War and genocide were directly related to the Flu Pandemic of 1918-20, which caused perhaps 100 million deaths worldwide. Though called the “Spanish Flu,” this was another international threat to stability.

As Brent was writing the Duff Lectures and then revising them, two international political institutions took shape. The League of Nations was the first world intergovernmental organization, founded in 1920, to maintain world peace through collective security, disarmament, and the settling of international disputes through conferences. There were eventually 58 member states of the league’s Governing Assembly. Although the United States never joined, Bishop Brent was invited to preach at the service that inaugurated the league in Geneva, of which he said, “The meeting of a League of Nations was more full of hope than in any other period of history.”

The British Commonwealth of Nations was not officially established until 1930, though it was based on an agreement hammered out in 1926. When Brent first gave his lectures, the question of whether and how the British dominions should be related to the Mother Country was a greatly debated issue. The future of Ireland was a major focus. How would the new Irish Free State retain some connection, however symbolic, to the British Crown?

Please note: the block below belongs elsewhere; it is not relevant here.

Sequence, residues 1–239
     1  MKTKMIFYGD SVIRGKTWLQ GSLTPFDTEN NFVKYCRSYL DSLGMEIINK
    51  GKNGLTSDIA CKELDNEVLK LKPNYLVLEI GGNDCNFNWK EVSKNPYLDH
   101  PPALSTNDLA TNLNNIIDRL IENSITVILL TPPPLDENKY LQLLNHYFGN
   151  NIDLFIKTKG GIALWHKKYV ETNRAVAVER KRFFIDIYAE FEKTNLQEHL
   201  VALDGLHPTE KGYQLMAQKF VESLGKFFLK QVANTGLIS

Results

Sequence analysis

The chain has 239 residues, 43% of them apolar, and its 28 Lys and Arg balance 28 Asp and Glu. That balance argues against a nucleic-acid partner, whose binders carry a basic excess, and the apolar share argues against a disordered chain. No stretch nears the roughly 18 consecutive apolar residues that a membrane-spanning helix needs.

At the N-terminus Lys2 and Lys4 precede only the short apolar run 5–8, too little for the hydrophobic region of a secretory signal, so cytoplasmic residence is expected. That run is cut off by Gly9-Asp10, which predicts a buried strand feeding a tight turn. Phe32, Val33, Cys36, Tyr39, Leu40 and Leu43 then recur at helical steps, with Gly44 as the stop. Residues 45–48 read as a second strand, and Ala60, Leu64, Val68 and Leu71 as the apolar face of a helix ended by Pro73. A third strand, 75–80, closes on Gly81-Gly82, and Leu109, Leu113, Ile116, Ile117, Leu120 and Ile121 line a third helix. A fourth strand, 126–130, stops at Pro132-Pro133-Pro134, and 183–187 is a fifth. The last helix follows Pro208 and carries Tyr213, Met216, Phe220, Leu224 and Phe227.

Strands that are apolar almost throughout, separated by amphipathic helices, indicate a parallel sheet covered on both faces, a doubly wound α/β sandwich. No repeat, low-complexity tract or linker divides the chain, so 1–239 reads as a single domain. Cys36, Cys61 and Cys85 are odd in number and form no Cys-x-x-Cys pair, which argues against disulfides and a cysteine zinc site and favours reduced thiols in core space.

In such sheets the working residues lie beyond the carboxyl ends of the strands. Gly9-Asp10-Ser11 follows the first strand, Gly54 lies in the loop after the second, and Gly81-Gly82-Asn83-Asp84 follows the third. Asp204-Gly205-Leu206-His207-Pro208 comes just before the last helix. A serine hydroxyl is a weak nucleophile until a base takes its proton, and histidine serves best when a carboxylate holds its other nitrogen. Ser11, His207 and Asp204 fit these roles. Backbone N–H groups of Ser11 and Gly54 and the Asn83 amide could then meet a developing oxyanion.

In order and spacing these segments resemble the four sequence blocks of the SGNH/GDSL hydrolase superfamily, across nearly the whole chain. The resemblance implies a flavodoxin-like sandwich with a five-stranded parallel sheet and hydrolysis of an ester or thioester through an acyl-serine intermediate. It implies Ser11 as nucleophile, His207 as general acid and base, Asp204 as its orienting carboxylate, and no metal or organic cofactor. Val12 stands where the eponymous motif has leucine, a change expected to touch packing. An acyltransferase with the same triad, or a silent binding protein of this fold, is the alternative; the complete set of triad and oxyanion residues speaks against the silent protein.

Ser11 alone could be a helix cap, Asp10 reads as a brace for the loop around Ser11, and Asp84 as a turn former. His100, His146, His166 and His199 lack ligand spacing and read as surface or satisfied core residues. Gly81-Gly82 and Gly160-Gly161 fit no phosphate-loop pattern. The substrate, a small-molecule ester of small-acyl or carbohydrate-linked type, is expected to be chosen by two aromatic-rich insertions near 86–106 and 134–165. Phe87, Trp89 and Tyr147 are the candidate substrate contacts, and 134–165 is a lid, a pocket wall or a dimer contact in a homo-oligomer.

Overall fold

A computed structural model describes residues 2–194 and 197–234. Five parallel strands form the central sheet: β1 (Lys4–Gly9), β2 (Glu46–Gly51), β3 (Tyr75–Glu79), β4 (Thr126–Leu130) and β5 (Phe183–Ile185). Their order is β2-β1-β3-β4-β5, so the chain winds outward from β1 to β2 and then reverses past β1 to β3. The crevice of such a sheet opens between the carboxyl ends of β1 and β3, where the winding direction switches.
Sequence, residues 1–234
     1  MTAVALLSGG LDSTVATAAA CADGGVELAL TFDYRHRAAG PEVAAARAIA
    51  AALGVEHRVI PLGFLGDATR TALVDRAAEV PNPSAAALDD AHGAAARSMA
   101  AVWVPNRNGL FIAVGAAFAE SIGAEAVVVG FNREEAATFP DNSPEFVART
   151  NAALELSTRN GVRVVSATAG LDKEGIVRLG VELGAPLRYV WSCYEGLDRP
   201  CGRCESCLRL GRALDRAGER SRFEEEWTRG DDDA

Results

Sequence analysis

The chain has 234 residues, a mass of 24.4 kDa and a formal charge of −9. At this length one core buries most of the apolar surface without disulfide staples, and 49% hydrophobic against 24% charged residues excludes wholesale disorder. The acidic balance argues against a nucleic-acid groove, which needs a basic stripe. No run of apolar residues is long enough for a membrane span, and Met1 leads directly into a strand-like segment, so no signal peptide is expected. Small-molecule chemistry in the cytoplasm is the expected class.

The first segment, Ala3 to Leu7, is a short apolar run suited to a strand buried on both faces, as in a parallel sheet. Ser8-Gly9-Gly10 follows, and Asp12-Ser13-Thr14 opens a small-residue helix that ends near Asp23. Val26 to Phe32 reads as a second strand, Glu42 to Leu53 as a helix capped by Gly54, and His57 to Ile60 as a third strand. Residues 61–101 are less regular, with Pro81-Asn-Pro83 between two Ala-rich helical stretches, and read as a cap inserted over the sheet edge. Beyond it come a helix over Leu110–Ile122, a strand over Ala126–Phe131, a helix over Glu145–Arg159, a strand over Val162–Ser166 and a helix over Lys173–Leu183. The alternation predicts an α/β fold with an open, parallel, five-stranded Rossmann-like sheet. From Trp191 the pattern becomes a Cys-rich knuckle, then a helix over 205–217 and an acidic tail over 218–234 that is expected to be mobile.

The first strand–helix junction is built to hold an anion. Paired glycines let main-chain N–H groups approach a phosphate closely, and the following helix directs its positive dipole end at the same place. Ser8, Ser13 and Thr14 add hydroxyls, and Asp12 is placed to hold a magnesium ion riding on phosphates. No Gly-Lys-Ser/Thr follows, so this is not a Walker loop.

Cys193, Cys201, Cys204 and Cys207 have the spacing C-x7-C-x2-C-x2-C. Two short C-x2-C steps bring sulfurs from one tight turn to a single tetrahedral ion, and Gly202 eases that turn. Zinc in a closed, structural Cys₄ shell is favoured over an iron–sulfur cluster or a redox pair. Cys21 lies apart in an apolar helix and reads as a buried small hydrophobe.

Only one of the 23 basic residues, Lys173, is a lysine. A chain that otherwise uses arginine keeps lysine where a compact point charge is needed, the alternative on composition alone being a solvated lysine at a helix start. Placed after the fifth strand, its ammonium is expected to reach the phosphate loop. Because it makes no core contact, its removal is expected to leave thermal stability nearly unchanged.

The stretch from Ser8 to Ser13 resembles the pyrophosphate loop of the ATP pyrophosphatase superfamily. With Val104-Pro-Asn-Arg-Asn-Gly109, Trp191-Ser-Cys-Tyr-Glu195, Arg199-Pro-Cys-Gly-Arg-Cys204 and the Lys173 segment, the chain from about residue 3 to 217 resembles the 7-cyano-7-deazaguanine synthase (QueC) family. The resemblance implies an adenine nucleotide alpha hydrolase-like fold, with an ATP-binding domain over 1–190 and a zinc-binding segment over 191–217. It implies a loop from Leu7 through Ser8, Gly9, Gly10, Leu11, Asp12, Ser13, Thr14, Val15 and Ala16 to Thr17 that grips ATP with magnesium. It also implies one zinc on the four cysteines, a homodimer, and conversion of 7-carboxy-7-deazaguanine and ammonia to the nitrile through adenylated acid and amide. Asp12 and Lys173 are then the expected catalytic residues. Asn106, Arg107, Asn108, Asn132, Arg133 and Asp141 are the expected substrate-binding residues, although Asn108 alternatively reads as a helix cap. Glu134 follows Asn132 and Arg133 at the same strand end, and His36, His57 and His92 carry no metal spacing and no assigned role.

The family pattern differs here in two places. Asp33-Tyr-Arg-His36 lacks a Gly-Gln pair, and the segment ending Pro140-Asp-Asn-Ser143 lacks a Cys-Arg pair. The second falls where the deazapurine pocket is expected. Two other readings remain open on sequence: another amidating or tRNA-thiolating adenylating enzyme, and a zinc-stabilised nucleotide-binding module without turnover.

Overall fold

In the Anglo-Irish Treaty of 1921, the term “British Commonwealth of Nations” was substituted for British Empire in the wording of the oath to be taken by members of the Irish Parliament. As an expansion of this understanding of a “commonwealth” as a community of equal institutions, in the Balfour Declaration of 1926, which established the Commonwealth, Britain and the dominions agreed that they were “equal in status, in no way subordinated one to another in any aspect of their domestic or external affairs, though united by common allegiance to the Crown, and freely associated as members of the British Commonwealth of Nations.”

Brent was a Canadian by birth, and his principal biographer, Alexander Zabriskie, speaks to the influence of this secular model on his ecumenical ecclesiology: “An analogy to Brent’s idea of Church unity was the British Commonwealth, of which the bond of unity was personal loyalty to the King, rather than organic constitutional or legislative ties.”

The great ecclesiological theme of the revised Duff Lectures is this: Thousands are leaving churches because of the rivalry of the denominations. No one denomination can claim to be the Church of Jesus Christ. Brent was opposed to all concepts of the Episcopal Church as “the National Church,” pursuing any kind of an “establishmentarian ideal.” He wrote to his own diocese as he was revising the lectures: “My lesser loyalty is to the communion of which I am a member. I can see nothing but disaster in matching religions.”